Possible hemlock growth?

Asked May 28, 2020, 12:23 PM EDT

In reading a post on FB by the Master Gardeners, I think i may recognize the spotted water hemlock as the invasive plant that is taking over sections of my garden. I have repeatedly pulled this plant, even attempting to dig down to get the spreading root system but it comes back with a vengeance. The plant is about 2-3 feet tall with a hollow stem. The stem is solid green but does have some purple tint close to the base. The leaves do not resemble carrots, which is what the pictures of the regular hemlock look like.

Harford County Maryland

1 Response

Hi - This looks like Bishop's goutweed, (Aegopodium podagraria). It is used in ornamental gardens but can get out of control and it become difficult to manage. You are correct that poison hemlock has foliage that looks similar to carrot foliage (it's in the carrot family). This page has good photos of what poison hemlock looks like, https://www.marylandbiodiversity.com/view/2342

As you've discovered, trying to hand pull or dig this out bishop's weed can be futile. We recommend removing any surrounding plants you want to save, shaking off all the soil and being extremely careful not to include any bishop's weed roots. Pot the plants or relocate them. It may be a year or so before you can plant anything in the bishop's weed beds. Then apply the systemic herbicide glyphosate. Glyphosate is a total vegetation killer, so shield nearby ornamental plants with a cardboard or a plastic shield.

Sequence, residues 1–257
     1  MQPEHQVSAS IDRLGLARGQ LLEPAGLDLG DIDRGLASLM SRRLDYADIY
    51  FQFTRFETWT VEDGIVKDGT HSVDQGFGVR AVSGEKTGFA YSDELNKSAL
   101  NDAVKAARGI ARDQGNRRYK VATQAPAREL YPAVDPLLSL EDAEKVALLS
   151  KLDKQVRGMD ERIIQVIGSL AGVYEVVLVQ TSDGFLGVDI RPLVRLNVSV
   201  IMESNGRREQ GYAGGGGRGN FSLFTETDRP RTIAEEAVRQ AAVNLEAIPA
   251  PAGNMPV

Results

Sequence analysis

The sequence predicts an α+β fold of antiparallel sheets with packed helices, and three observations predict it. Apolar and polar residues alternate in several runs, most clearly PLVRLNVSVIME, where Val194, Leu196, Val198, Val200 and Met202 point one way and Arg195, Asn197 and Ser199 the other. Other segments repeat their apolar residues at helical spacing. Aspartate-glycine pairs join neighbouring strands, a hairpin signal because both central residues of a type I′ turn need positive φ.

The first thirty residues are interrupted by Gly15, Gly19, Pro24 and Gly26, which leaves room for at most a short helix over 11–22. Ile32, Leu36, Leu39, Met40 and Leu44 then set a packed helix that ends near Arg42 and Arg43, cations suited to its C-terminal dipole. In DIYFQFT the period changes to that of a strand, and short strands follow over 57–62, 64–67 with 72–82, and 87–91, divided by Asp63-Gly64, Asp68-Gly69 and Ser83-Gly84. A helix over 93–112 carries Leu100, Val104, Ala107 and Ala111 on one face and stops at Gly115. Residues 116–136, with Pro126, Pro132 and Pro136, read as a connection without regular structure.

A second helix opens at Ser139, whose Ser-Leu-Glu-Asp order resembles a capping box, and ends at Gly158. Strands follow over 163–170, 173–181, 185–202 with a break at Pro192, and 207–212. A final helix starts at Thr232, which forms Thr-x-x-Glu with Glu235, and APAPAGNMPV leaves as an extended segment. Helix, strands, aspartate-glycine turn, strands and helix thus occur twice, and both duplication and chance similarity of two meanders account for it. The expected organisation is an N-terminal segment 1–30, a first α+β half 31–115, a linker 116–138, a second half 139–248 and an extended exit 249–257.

Early fall is a good time to spray glyphosate because plants are then getting ready for winter and translocating chemicals down to their roots better than at other times of the year. But you could also work on it now -- and definitely remove the flowers to avoid spread by seeds. If one spray does not brown all the foliage, wait 3-4 weeks and spray again. Many tough invasive plants require more than one treatment of herbicide.

Timing is crucial when tackling aggressive invasive plants like bishop's weed. Read through the following fact sheet very carefully: https://www.invasive.org/weedcd/pdfs/wgw/goutweed.pdf

You will see that cutting, smothering, and spraying are more effective at particular times of the year.

Christa